Channel B ranges from 117 to 141 nanometers and reaches a 1.3nm resolution, employing a normal-incidence spectrograph with a 0.6mm wide and 5.0mm tall entrance slit. The B-Channel is responsible for capturing Hydrogen emissions including the prominent Ly-Alpha Hydrogen signal at 121.6nm and different carbon signals.
The spectrometer grating has a line spacing of 2990 per millimeter, uses an Al-MgF2 coating and achieves a 20% efficiency – slightly higher than EUVS-A. The grating is located 25cm from the slit and 20.2cm from the detector. A two-surface filter placed in front of the detector restricts the bandpass to the 117 to 141nm range.
EUVS-B uses a detector similar to the A-channel with 24 pixels placed in four groups to only capture data from the desired lines; masked pixels provide dark current measurements. Pixels of the 140.5nm group are wider than the standard pixels to capture the whole blend of two solar emission lines.
Channel C takes a special role within the instrument and covers a much narrower band from 277 to 283 nanometers with an 0.08nm spectral resolution to resolve the Magnesium II doublet at 280nm. The ratio of the core of the MgII feature is also known as the MgII Index and acts as a tracer for chromospheric activity. Changes in the doublet structure are highly correlated with changes in other chromospheric emission lines.
Because the C-channel of EUVS measures a ratio between two values, it is relatively insensitive to instrumental effects which is why the C channel acts as calibration for the A and B channels.
The optical layout of EUVS-C is similar to the B-channel, but the spectrograph – given its importance for the entire instrument – is fully redundant in design, comprising two independent optical and electrical chains installed in the same optical cavity. EUVS-C employs an interference filter mounted directly in front of a 512-pixel photodiode detector.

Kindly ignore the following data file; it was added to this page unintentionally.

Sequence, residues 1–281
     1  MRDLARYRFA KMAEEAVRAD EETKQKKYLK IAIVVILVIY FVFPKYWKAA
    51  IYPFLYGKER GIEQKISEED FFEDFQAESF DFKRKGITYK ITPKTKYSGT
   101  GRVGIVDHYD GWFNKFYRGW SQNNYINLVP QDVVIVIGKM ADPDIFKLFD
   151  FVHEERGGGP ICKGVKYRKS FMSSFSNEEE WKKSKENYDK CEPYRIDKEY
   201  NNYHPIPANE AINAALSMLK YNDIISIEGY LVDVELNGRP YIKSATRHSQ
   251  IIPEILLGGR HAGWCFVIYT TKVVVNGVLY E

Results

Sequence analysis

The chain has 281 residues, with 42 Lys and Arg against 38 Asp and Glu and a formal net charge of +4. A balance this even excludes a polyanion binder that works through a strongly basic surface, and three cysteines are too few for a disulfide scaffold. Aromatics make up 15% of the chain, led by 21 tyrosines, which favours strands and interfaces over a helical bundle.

EUVS captures data on a number of proxies from which the entire EUV range from 5 to 135 nanometers can be constructed. The instrument measures the intensity of critical solar lines from various parts of the atmosphere that is fed into a model that scales each spectral line to the ones observed from the same region of the atmosphere.
The X-Ray Sensor (XRS) is tasked with the measurement of 0.05 to 0.4 and 0.1 to 0.8-namometer X-Ray bands for monitoring of solar flares to deliver data to predict proton events that can disrupt satellite communications and impact other ground-based systems.
To cover the two wavelength ranges, XRS hosts two channels A & B, each with two photometers with differently sized apertures plus two dark detectors for calibration. The A1 and B1 detectors are optimized for operation during solar minimum with a maximized aperture of 81 square millimeters that allows the instrument to capture the few photons emitted at these wavelengths during quiet solar states. The A2 and B2 channels have a smaller aperture of 4.5mm² that limit the number of photons that are detected during solar maximum.
A major challenge for XRS was the elimination of off-axis X-ray photons and incoming electrons which can create false signals and high background noise, respectively. To shield the instrument, XRS uses a thick outer layer of aluminum that stops all off-axis electrons and an inner layer of tungsten which absorbs X-rays created as Bremsstrahlung from the electron interaction with the aluminum. Electrons arriving along the instrument’s optical axis are diverted by a strong 800 Gauss magnet assembly that is 5cm in length and removes on-axis electrons up to an energy of 5MeV. The outer shielding protects the instrument from off-axis protons while on-axis energetic protons mostly pass through the thin detectors without being absorbed.